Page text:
The number of pit bulls spayed and neutered at Beaufort County shelters has more than doubled since the adoption of a new animal ordinance last year.
The ordinance, approved by the Beaufort County Council in October 2015 and municipal governing bodies in subsequent months, requires that all pit bulls and pit mixes be altered in an effort to fight the overpopulation burdening shelters.
Between October 2014 and when the ordinance was passed, 285 pit bulls were spayed and neutered by the county shelter and the Hilton Head Humane Association free of charge.
That number jumped to 691 in the roughly 14 months since the new regulations took effect, director of Beaufort County Animal Services Tallulah Trice said Tuesday.
Never miss a local story.
More than 400 of those recently spayed pit bulls were female, she said. Because female pits can have litters of up to a dozen puppies, the stepped-up sterilization efforts have stopped the birth several thousand puppies — many of which would have likely ended up in shelters, she said.
“We had basically become a pit bull sanctuary — and to a degree we still are,” Trice said. “It’s frustrating and disheartening when they don’t get adopted and we have to turn around and euthanize them.”
Assistant county attorney Allison Coppage, who helped craft the animal ordinance, said earlier this week that the regulations are simply a population control measure rather than an indication that pit bulls are inherently dangerous.
Trice agreed, saying the county’s regulations requiring alteration have “nothing to do with the behavior” of specific breeds.
“It’s not that we are anti-pit bull; we just don’t have the resources for them to continue reproducing in our county,” she said.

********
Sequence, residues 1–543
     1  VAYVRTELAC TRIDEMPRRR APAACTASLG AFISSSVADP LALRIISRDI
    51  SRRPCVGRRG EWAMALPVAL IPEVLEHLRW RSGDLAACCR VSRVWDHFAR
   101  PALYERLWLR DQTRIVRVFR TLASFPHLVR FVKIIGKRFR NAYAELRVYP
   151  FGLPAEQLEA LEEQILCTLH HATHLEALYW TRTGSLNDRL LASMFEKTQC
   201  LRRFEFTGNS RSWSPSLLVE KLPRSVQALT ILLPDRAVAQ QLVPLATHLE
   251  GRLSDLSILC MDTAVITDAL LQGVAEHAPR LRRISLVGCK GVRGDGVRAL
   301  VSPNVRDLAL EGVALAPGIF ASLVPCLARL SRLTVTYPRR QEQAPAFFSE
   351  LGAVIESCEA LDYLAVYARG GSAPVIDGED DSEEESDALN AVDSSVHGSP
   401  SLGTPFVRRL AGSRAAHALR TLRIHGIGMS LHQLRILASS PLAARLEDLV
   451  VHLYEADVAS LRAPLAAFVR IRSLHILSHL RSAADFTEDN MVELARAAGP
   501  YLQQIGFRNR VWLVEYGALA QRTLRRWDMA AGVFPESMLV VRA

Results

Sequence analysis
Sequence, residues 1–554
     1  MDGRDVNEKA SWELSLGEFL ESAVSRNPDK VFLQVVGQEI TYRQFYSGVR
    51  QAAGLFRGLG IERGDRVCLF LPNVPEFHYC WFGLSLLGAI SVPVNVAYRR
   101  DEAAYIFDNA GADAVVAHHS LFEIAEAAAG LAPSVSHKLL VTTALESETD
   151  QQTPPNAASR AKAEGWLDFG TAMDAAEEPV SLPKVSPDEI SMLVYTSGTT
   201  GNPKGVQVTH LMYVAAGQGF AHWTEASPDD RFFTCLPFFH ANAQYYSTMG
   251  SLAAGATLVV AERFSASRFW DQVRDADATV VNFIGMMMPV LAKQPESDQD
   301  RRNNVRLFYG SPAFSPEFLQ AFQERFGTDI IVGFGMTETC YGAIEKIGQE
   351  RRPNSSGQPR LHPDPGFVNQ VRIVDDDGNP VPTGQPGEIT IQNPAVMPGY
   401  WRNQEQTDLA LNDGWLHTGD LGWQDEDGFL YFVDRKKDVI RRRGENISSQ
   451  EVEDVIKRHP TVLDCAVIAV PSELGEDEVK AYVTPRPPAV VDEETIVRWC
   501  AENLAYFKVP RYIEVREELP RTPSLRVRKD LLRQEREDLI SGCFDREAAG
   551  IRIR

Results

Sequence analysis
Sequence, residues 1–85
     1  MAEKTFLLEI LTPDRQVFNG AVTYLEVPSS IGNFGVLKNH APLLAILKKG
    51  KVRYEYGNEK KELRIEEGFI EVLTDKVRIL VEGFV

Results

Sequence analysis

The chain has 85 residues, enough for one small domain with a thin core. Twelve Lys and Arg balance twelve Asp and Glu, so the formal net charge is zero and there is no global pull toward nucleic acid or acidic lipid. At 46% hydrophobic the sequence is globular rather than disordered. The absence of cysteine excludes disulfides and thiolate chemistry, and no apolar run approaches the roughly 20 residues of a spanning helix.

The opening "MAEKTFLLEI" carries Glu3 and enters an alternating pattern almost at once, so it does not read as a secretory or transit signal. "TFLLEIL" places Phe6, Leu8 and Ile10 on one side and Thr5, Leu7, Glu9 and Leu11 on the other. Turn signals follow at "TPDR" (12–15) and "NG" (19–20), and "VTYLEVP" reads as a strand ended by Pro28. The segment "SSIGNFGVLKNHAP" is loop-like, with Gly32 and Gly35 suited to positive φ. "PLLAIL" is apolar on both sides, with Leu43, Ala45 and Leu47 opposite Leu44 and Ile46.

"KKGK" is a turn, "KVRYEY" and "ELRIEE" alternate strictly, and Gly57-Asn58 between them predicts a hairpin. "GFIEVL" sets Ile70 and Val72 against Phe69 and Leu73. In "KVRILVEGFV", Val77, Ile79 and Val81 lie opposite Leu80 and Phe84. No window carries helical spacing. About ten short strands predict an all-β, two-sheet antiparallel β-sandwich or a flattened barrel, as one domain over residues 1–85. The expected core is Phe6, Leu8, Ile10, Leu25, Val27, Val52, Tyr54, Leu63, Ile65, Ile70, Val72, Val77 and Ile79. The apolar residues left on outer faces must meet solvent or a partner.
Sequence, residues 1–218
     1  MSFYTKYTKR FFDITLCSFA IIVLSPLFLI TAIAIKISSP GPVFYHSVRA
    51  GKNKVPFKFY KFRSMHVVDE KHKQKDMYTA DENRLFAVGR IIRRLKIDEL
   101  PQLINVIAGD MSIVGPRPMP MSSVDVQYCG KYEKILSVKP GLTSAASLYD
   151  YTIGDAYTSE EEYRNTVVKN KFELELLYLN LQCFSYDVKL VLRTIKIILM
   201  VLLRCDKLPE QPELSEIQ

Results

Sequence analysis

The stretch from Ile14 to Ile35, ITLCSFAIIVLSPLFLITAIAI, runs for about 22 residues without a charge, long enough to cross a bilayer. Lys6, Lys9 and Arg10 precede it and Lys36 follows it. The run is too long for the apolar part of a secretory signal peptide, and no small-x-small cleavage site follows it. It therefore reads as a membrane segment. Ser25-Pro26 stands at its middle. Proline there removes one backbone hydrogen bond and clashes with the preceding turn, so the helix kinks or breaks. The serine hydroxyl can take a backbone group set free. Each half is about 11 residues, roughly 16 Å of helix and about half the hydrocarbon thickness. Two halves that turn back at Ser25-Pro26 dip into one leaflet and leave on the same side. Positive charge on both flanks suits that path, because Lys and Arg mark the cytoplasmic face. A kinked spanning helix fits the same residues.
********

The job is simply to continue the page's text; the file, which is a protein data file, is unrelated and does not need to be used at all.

Overpopulation makes the already difficult process of getting pit bulls adopted even tougher, Trice said.
“Every day, I hear (from visitors to the shelter), ‘Is this all you have? Pit bulls?’ ” she said.
Pit bulls stay at local shelters for an average of about a month, while golden retrievers and German shepherds are typically adopted within 10 days, county animal service documents show.
Even with the success of the regulations that require spaying and neutering, the county still faces challenges with pit bull overpopulation.
Despite the fact that shelters struggle to adopt out pit bulls, there is a thriving online market for pit puppies, Trice said.
Puppy sellers — including those who advertise from Jasper County, Savannah and Charleston on social media websites such as Facebook — are “breeding them and bringing them here,” she said.
The county is partnering with the Hilton Head Humane Association to build a new $5 million shelter along S.C. 170 in the Okatie area in an effort to further reduce the strain of overpopulation at existing shelters and rescues.
Deputy county administrator Josh Gruber said earlier this week that design work on the facility is about 80 percent complete, and he is hoping to bring a construction contract before the County Council in the spring.